No mandatory vaccine to attend Presbyterian churches

The content originally appeared on: Trinidad and Tobago Newsday

Moderator of the Presbyterian Church Rev Joy Abdul-Mohan. –

ALTHOUGH strong vaccination advocates, general secretary of the Presbyterian Church (PCTT) Terrence Warde said vaccination it is not a requirement to attend church.

“The PCTT will not attempt to hinder attendance at any of our 108 churches, regardless of your vaccination status.

“All are welcome to worship at our churches regardless of your vaccination status. Our churches have instituted the necessary health protocols,” he said at the church’s national convention on Saturday.

For the first time in the church’s history, the national convention was live-streamed from the St Andrew’s Theological College, San Fernando, with just a few members in the audience.

Warde quoted former moderator Rev Brenda Bullock almost prophetic statements in 2012 to describe the importance of the convention.

“Our national convention reminds us that even though we may feel separated from each other, or even alone at times, please bear in mind that we are never separated or alone. This gathering allows for a visible impact of God’s people in one place bearing witness to what God has done for the Presbyterian Church,” Bullock is quoted as saying then.

Current moderator, Rev Joy Abdul-Mohan agreed the virtual gathering could not compare to a physical convention.

She said while there were fear and doubts, she was encouraged by the comments of those locked on via the many social media platforms and the youths who led the worship service.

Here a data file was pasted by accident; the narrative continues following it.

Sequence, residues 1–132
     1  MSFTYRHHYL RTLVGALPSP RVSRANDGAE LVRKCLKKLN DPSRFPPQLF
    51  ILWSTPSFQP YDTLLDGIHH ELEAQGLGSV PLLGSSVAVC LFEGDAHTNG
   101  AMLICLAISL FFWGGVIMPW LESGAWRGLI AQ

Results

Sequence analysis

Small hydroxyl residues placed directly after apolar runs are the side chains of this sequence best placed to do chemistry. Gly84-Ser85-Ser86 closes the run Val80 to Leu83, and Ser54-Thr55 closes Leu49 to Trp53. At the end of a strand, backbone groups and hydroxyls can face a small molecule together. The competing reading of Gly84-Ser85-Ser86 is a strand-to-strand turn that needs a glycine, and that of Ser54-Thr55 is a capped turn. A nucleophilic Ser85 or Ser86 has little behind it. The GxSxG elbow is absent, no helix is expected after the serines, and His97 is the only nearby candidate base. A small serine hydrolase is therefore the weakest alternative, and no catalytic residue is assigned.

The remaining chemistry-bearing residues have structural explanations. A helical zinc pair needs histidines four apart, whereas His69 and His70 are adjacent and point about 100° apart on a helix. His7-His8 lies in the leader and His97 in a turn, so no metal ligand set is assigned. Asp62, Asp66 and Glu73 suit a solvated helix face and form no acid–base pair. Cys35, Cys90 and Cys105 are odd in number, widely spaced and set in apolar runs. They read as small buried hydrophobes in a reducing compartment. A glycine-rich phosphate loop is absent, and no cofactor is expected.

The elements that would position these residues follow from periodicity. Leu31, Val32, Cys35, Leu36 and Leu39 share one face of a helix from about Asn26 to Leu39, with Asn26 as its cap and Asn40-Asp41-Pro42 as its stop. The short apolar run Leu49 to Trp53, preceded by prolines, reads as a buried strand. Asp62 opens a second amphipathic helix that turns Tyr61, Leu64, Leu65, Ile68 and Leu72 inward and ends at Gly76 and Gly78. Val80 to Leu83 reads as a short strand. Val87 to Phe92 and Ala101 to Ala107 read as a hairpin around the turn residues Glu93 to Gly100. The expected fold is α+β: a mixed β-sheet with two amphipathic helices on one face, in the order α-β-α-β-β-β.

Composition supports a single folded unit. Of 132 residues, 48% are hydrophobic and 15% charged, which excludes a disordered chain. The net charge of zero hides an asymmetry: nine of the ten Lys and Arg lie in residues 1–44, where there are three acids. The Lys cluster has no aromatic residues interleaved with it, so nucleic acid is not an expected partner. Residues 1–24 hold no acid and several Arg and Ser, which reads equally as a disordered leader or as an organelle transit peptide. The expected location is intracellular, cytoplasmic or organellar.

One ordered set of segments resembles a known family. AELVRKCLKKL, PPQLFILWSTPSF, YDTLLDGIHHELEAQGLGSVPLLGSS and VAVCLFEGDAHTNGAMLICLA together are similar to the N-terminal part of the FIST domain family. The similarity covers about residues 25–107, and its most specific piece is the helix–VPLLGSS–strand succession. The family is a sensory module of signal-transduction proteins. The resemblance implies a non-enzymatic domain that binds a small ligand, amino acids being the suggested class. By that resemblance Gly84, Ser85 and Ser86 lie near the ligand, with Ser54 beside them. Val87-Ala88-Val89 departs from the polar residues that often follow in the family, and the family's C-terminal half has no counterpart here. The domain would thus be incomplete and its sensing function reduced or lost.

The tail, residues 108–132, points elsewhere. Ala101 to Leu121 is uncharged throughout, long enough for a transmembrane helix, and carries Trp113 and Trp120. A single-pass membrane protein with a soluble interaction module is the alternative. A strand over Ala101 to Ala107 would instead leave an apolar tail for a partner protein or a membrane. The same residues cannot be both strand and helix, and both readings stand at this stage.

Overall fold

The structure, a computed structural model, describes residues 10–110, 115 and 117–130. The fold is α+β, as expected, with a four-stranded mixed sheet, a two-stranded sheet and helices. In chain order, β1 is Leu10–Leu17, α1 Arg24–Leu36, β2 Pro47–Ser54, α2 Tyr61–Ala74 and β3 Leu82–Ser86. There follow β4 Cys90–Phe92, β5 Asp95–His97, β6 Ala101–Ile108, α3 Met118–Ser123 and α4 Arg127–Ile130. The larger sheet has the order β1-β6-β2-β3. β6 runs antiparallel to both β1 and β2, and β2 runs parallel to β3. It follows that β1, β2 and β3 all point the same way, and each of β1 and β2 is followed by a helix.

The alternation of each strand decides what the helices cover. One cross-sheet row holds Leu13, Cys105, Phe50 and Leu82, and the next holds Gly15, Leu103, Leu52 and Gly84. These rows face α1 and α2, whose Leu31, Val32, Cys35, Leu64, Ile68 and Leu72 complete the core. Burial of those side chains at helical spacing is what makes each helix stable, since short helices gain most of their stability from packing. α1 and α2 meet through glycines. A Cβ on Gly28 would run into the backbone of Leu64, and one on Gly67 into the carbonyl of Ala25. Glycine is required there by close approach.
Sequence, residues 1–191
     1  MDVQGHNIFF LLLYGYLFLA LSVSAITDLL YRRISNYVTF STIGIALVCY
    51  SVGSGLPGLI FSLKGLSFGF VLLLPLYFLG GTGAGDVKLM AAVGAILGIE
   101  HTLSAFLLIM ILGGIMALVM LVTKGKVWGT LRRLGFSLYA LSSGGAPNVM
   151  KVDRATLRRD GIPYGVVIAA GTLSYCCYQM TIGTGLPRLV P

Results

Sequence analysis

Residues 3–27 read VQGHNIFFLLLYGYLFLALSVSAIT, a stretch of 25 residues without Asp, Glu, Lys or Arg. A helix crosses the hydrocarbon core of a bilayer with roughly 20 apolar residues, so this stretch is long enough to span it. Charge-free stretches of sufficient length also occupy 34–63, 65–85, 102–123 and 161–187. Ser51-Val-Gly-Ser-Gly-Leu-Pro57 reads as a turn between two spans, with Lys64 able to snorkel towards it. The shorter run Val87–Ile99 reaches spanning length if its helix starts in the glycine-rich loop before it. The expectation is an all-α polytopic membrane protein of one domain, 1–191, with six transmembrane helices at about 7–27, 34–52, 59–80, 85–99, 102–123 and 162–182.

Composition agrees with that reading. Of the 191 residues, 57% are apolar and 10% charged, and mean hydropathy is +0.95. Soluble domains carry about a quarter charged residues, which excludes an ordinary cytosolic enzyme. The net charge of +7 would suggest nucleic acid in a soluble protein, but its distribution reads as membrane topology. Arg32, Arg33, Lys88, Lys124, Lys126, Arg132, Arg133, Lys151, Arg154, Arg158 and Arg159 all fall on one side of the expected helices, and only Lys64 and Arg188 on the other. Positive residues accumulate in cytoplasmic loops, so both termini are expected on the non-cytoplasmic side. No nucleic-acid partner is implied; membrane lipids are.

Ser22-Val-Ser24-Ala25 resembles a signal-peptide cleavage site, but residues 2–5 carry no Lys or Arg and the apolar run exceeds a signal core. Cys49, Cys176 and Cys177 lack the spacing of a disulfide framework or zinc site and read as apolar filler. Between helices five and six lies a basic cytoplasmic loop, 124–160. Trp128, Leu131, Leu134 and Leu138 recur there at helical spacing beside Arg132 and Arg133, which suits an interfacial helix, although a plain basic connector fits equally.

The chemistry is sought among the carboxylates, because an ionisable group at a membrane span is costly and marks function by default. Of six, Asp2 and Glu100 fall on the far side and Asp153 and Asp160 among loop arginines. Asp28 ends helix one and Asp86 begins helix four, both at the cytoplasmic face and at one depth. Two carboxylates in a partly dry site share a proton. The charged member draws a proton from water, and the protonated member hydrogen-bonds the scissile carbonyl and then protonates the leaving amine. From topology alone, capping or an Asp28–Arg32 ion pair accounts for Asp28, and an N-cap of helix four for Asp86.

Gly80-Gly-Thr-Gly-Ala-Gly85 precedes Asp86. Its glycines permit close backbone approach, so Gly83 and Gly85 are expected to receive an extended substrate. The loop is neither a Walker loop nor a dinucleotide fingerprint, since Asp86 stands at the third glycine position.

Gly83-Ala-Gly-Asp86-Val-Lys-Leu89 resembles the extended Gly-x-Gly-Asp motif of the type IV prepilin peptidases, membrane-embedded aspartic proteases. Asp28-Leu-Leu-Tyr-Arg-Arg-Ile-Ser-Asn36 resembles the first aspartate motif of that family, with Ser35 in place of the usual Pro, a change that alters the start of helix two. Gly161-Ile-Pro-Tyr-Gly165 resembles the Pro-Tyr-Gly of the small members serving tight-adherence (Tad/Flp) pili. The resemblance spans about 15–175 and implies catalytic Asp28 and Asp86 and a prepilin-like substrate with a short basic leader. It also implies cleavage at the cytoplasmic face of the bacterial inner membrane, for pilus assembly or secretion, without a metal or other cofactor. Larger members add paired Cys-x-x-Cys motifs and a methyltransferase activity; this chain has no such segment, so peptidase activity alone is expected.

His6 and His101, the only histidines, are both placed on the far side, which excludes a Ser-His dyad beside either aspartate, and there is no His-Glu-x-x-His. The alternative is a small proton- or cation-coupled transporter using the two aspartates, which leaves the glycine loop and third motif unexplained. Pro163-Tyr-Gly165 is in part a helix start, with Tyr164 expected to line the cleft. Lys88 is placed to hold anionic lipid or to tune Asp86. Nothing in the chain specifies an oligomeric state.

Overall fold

She said covid19 has caused the church to make a paradigm shift at this time and beyond.

“The PCTT did not stop existing because our church buildings were closed. Not at all,” she said in reference to the temporary closure of churches to prevent the spread of the covid virus. Presently, only 25 per cent of the congregation is allowed to worship at any one service.

“Rather it clarified what being the church meant and compelled us to engage in the missional opportunities in our current changing context.

“We continued to worship online, but we also continued to reach out to God’s people who were not even Christians, people who we did not know and even to our migrant sisters and brothers.

“We reached out to them and gave the best that we could and they were grateful.”

She said they partnered with many international and local organisations, to strengthen, not only as a church but, unity as a people of TT.

“Maybe there’s a silver lining in all of this for the PCTT. Way before the pandemic hit, churches, including ours, were struggling with the question of how to be more relevant and compelling in our context.

“Many churches like ours have been wondering what the future holds for the church and whether they will be able to survive.”

Hence, the reason, she said for a paradigm shift to transform the model by which the church takes form.

“For the PCTT as a church to survive, it needs to be robust in its missional focus and identity by seeking out the ostracised and marginalised through active pastoral care and compassion.

“We need to embrace our reformed heritage and missional responsibility. But it’s hard for us to do that at times when we have grown accustomed being church only within four walls and not going beyond these walls.

“This global pandemic taught us more about what it means to be the church beyond four walls

“The work and mission of God’s church must not cease in a time of crisis.

“We can use this new experience as an opportunity for spiritual growth and to strengthen relationships,” she said.